• Santiago Segarra, Massachusetts Institute of Technology
  • Sundeep Chepuri, Delft University of Technology
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Industry and governments globally are committing greater resources to develop new technologies as part of the overall green strategies against climate change and to reduce greenhouse gas (GHG) emissions. Given the dominance of electricity consumption in ICT sector’s GHG footprint, it is imperative to focus on energy efficiency and to utilize as much renewable power sources as possible. Moreover, green communications and networking technologies play another direct role in facilitating low GHG emissions of other industries, such as electricity grid, transport, buildings, manufacturing, etc. This symposium aims to bring together researchers and practitioners to discuss state-of –the-art developments and open research problems.

Organized by

General Chairs

  • Ender Ayanoglu, University of California Irvine
  • Victor C. M. Leung, University of British Columbia

Technical Program Chairs

  • Zhi Ding, University of California Davis
  • F. Richard Yu, Carleton University
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The energy grid is undergoing a rapid transformation toward a more sustainable, efficient, resilient and secure infrastructure, in which advanced information science and technology play an essential role. New challenges emerge with the increasing penetration of renewable energy sources, extreme weather conditions, and cyber and physical security threats. Meanwhile, promising opportunities arise with nextgeneration monitoring and control devices as well as increasing customer participation. The rich algorithmic and analytical toolsets developed by the classical signal processing community along with contemporary and emerging advancements in the field are actively contributing to the development of innovative solutions for smart energy systems. Conversely, smart grid challenges are accelerating developments in core signal and information processing theory that are also applicable to new domains. This symposium aims to bring together researchers in the fields of information and signal processing, learning, and optimization for smart energy infrastructures.

Organized by

General Chair

  • Deepa Kundur, University of Toronto
  • Yue Zhao, Stony Brook University

Technical Program Chairs

  • Yue Zhao, Stony Brook University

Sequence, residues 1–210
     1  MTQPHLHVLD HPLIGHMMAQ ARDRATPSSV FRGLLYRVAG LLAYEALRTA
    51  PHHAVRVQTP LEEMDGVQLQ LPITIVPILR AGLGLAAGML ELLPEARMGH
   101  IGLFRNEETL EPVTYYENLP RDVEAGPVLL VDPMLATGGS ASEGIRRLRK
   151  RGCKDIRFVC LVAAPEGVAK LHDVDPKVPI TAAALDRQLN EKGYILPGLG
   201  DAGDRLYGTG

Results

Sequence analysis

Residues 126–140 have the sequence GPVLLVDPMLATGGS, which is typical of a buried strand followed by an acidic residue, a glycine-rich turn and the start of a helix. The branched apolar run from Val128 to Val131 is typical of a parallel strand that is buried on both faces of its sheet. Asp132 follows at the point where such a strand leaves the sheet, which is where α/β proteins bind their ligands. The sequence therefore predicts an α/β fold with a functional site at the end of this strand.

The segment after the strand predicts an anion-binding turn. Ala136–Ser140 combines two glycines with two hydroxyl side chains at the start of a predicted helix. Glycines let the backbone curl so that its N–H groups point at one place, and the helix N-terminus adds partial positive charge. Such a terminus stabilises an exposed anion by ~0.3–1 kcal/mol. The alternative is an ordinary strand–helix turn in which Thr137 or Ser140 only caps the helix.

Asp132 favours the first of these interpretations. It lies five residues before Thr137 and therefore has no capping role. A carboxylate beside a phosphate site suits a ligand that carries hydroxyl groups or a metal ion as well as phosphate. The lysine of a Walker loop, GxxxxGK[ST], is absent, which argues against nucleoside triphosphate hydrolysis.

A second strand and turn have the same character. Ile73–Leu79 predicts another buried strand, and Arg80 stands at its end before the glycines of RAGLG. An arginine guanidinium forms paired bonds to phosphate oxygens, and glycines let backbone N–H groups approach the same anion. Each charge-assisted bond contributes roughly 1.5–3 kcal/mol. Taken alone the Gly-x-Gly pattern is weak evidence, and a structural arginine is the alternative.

• Hao Zhu, University of Texas
  • Emiliano Dall'Anese, National Renewable Energy Laboratory
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Diverse Applications, Common Approaches? Multispectral and Hyperspectral imaging methods are widely used in diverse applications including airborne and satellite remote sensing, biological microscopy, and diagnostic biomedical imaging systems. There has been a corresponding growth in algorithms and architectures for processing and analyzing multi- and hyper-spectral images, and there is abundant opportunity for researchers to learn image processing problems, approaches, insights, and algorithm designs from other areas. The goal of this symposium is to provide an opportunity for researchers to share insights across disciplines and application areas. Impact: The impact of multi- and hyper-spectral imaging is already impressive. Satellite-based and airborne platforms are enabling remote sensing of changes, anomalies, and trends in agricultural, mineral, military, and civilian land-use patterns. Similarly, in the biomedical multi- and hyperspectral imaging methods are enabling the spatial distribution and dynamics of multiple molecular markers in a manner that preserves their relative spatial context, in living biological systems (in vivo or in vitro), and/or fixed tissue samples of biomedical interest (e.g., biopsies), and are finding applications in basic scientific discovery, drug screening, and biomolecular tissue profiling. Invitation: Researchers in signal processing and diverse application domains are invited to submit their contributions.

Organized by

General and Technical Program Chairs

  • Saurabh Prasad, University of Houston
  • Badrinath Roysam, University of Houston
  • Paul Gader, University of Florida
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5G systems are not only new protocols, but, more importantly, they embrace a new telecommunication infrastructure. As such, one of the challenges is to achieve a convergence between the terrestrial and the satellite segments. Simultaneously, in the past few years, many satellite operators have been upgrading and/or enlarging their constellations to deliver enhanced functionalities and higher frequency reuse, by means of V/HTS technology, and not only of geostationary orbits, but also non-geostationary ones. These new trends pose interesting challenges regarding new interference-limited scenarios and spectral efficient techniques. This symposium deals with innovative solutions on signal & information processing and optimization for the topics listed in this call for papers.

Organized by

General Chairs

  • Ana PĂ©rez-Neira (CTTC/UPC)
  • Giovanni Giambene (Univ. Siena)
  • Prashant Pillai (University of Wolverhampton, UK)
  • Raed Shubair (UAE Ministry of Education & MIT)
  • Elisabeth de Carvalho (Aalborg University)
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The transition to digital telescope back-ends has opened up advanced computational resources for researchers to explore new parameter spaces with potential for breakthrough discovery in astronomy and the Search for Extra Terrestrial Intelligence {SETI). The flexibility of those systems will additionally enable the community to address the major challenges currently faced in radio astronomy, such as the mitigation of Radio Frequency Interference, the accurate calibration of next generation instrumentation, or even novel methods for data mining and information extraction.  The proposed symposium will provide researchers a platform to overview the state of the art in radio astronomy instrumentation and algorithms, and to define and put forth the challenges currently faced and expected to arise in the near future.

Organized by

General Chairs

  • Gregory Hellbourg, University of California Berkeley
  • Ian Morrison, Swinburne University
  • Richard Prestage, Green Bank Observatory